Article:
Biocompatibility of Photopolymers in 3D Printing
Embargoed until: 2018-12-01
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The biocompatibility of photopolymers in additive manufacturing (AM) often referred to as 3D printing (3DP) is an issue of concern due to, among other things, the unique parameters of the manufacturing process, which can influence the physical, chemical, and biological properties of AM-produced devices. The quality of AM-produced devices may consequently vary when identical parts are built using different 3D printers or even when the same 3D printer, parameters, process steps, and materials are used. In this novel study, representative materials built with stereolithography and material jetting processes were subjected to biological evaluation using the Organization for Economic Cooperation and Development (OECD) fish embryo test designed to determine acute toxicity of chemicals on embryonic stages of fish. The study demonstrates that the AM materials are toxic in zebrafish assays; however, the adverse effects of toxicity in some materials were reduced significantly after treatment with ethanol. Within the limitations of the study, it is evident that material composition and cleaning method are significant parameters by which the biological risks of photopolymers in 3DP can be assessed. Furthermore, the zebrafish biocompatibility assay is a reliable assessment tool for quantifying the toxicity of leachates in AM materials.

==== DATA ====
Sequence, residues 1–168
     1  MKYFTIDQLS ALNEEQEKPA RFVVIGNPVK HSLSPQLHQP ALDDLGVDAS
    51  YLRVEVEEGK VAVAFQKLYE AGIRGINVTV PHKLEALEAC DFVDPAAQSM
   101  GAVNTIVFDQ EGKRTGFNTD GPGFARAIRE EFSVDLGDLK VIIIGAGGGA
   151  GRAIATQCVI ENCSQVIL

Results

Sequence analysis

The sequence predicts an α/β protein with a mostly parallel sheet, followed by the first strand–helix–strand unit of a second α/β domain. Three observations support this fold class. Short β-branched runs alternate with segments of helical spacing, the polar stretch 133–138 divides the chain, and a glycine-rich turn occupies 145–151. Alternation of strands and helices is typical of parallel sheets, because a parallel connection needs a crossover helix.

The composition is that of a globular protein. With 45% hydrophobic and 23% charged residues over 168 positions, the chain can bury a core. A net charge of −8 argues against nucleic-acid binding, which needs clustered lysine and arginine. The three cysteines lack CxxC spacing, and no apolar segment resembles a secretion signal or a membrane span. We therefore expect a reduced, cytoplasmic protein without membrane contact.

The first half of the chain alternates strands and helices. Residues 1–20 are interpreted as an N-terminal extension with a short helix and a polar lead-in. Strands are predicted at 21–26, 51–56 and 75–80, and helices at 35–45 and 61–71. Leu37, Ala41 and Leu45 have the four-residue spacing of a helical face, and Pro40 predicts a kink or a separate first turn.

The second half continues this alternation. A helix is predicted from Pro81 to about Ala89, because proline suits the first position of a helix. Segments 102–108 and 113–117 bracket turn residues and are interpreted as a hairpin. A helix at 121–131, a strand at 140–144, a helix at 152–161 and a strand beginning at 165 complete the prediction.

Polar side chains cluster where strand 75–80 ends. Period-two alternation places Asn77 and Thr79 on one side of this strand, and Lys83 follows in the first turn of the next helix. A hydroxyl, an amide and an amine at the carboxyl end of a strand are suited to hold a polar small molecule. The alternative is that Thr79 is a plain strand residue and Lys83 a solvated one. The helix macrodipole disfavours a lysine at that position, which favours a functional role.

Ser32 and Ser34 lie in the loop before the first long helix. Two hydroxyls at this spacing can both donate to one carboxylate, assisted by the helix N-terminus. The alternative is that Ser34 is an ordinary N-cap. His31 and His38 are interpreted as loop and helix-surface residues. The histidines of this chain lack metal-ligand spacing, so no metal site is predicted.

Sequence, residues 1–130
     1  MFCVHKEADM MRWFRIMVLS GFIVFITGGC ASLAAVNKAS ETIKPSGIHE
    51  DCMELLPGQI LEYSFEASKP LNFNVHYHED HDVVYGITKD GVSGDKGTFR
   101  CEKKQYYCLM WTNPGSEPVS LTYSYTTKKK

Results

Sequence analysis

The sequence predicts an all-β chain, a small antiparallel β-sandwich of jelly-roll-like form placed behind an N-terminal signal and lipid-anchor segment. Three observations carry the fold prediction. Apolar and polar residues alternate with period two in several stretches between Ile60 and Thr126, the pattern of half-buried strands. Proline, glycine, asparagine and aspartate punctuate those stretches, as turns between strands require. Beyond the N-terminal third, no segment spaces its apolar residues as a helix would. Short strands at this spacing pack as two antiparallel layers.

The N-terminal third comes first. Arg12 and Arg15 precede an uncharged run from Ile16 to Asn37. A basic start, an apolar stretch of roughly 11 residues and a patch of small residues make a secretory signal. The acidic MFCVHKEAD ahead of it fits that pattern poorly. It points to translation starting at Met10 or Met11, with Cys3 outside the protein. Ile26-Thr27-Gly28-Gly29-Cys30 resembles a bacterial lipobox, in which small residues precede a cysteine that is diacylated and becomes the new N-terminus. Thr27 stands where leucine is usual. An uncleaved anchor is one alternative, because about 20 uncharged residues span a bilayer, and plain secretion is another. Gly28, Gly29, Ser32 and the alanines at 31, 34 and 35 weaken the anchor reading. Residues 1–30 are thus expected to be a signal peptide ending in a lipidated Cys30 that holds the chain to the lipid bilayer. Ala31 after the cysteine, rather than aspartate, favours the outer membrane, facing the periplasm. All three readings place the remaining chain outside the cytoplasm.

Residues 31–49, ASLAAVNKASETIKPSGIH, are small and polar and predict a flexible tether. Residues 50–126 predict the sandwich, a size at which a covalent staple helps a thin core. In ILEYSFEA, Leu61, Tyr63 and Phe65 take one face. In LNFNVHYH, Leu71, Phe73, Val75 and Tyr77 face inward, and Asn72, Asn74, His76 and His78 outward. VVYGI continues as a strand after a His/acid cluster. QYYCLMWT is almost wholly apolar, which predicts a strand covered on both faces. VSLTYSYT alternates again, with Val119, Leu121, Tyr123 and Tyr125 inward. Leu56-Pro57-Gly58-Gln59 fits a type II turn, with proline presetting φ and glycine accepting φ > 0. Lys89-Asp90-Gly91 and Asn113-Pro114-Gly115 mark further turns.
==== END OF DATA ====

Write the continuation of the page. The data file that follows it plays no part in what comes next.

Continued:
3D Printing and Additive Manufacturing
© This is a copy of an article published in the 3D Printing and Additive Manufacturing. Copyright 2017 Mary Ann Liebert, Inc. Final publication is available from Mary Ann Liebert, Inc., publishers https://doi.org/10.1089/3dp.2017.0064
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